When we first start off as writers, if someone asks us about our story, we might launch into an overview of our story’s plot. It’s easy to think the plot is what our story is about. But with few exceptions, story isn’t the same as plot.
Sometimes as authors, we struggle to create a well-rounded world or characters that feel so real to readers that they experience a movie in their mind. Stories that feel like we can crawl in and inhabit them are often lauded as special, but why is it so hard to succeed in that goal?
Aphantasia is the term for when someone can’t imagine something in their mind–“mind blindness” or not having a “mind’s eye.” As writers, this perspective not only gives us all sorts of story and character ideas, but it can also raise many questions about the concept of imagination itself.
I’ve written many times about how much I love subtext, the stuff that happens between the lines. Subtext lurks in many aspects of our stories and helps immerse readers and add realism and tension. In addition, subtext can help us build layered characters.
The journey to writing is filled with many obstacles, yet something keeps us going. Maybe if we understand what’s been most helpful for us becoming and/or remaining a writer—not including writing skill—we’ll be better prepared to face our obstacles now and into the future.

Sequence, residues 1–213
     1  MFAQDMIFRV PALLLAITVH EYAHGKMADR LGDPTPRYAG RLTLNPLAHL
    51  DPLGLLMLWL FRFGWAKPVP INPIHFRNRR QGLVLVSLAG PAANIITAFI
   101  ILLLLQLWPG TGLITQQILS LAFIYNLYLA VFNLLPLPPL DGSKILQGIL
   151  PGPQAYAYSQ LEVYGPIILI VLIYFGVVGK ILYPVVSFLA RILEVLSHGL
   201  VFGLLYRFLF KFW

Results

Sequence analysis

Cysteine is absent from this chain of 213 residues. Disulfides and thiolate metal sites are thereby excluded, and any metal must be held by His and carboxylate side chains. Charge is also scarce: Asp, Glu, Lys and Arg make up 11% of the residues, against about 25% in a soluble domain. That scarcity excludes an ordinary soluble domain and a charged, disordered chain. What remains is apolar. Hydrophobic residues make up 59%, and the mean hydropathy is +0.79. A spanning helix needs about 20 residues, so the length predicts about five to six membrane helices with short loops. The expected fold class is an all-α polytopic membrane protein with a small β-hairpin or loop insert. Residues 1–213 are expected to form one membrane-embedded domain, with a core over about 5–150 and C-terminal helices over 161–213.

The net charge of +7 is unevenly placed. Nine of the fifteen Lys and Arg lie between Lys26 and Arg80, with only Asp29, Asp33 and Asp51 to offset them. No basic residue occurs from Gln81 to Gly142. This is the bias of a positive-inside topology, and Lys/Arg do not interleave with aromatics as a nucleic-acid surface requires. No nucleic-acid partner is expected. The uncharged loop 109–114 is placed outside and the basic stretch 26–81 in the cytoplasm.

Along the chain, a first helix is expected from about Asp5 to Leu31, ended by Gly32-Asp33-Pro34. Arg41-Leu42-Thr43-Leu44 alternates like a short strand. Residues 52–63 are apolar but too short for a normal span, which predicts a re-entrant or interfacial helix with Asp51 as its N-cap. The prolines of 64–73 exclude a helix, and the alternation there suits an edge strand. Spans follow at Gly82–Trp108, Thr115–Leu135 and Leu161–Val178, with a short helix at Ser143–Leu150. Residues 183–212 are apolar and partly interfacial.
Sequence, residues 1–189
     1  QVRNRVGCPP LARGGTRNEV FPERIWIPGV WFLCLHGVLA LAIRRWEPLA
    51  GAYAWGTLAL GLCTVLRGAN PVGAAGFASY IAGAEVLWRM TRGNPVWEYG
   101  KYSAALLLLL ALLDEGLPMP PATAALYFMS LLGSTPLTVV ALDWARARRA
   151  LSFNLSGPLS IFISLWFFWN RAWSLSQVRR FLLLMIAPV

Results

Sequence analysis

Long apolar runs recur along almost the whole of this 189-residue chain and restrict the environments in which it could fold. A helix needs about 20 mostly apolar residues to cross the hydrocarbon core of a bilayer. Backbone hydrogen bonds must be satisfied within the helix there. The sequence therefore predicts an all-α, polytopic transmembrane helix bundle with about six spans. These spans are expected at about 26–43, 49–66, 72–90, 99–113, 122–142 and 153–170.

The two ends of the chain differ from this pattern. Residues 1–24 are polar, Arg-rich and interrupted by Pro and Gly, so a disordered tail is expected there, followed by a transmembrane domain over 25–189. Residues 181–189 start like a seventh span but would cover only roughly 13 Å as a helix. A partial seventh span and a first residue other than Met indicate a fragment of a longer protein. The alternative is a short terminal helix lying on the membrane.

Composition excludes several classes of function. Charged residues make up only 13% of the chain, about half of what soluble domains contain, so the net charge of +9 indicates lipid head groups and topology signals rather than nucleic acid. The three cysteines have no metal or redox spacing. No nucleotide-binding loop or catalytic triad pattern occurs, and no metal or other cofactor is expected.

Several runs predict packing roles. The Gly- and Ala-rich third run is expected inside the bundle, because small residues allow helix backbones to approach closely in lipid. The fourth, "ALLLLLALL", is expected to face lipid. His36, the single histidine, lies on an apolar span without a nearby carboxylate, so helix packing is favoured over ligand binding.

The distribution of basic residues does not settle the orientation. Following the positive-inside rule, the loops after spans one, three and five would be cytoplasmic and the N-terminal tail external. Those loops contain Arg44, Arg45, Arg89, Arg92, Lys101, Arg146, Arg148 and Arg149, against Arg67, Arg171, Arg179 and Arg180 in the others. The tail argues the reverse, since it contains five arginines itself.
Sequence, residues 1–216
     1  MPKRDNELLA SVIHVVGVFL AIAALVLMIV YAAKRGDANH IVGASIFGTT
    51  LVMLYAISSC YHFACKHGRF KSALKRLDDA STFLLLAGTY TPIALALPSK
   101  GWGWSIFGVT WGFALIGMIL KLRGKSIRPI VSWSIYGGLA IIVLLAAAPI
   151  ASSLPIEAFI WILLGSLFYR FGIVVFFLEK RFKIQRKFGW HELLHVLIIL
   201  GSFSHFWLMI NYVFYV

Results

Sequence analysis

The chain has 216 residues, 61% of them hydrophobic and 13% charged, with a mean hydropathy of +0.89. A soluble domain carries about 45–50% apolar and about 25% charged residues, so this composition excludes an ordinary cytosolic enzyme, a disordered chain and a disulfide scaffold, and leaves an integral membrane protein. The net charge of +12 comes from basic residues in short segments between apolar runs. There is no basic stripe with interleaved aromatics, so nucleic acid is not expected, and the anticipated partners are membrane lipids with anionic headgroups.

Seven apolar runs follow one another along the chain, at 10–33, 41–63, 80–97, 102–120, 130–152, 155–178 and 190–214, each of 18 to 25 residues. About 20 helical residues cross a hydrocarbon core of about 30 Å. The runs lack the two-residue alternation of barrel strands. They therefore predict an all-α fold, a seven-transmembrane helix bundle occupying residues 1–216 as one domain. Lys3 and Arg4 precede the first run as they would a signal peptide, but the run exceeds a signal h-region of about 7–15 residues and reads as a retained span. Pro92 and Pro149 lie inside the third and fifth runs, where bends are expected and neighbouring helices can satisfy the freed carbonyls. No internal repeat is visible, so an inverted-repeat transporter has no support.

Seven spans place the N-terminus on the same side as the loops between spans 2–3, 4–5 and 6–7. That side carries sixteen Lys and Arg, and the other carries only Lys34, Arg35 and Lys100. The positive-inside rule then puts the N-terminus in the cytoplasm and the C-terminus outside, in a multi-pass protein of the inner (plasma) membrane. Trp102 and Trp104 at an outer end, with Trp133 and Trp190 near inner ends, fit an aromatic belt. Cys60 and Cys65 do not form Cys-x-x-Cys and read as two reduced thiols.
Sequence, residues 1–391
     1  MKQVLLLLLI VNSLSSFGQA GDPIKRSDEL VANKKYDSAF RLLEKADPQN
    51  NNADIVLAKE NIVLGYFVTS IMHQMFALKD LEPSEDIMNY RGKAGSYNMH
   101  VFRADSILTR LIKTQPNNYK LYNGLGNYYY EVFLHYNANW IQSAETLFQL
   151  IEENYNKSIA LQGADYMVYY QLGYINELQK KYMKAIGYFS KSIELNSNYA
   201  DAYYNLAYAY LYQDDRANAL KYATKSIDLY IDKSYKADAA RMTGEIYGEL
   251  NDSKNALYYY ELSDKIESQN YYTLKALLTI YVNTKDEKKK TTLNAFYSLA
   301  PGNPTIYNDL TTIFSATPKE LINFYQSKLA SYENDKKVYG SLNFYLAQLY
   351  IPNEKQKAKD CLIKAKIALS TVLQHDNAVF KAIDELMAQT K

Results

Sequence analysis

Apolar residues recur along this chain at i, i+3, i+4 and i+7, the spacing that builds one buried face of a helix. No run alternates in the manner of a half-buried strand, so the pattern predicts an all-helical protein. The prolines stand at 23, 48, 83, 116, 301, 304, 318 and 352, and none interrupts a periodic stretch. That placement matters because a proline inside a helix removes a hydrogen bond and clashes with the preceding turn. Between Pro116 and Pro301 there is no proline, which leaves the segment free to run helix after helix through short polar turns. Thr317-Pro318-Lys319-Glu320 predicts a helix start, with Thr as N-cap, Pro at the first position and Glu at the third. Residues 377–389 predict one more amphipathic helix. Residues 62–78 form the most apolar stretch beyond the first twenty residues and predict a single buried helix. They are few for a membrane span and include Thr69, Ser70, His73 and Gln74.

To create a great emotional story, we need to know not only the vocabulary of describing emotions, but also how we can evoke emotions in our readers. Marcy Kennedy’s here to show us how deep point of view can help us evoke those emotions we want within our readers.
From school, we’re probably all familiar with using topic sentences to break ideas into paragraphs in non-fiction, but the rules are different for fiction. Choosing where to put paragraph breaks is one of the most voice-dependent decisions we can make as writers.
As writers, we face deadlines and commitments every time we turn around. So we’re likely to be familiar with the pressure of deadlines and the expectation of meeting our commitments. But what happens when we can’t meet them? How bad is it for us and our reputation?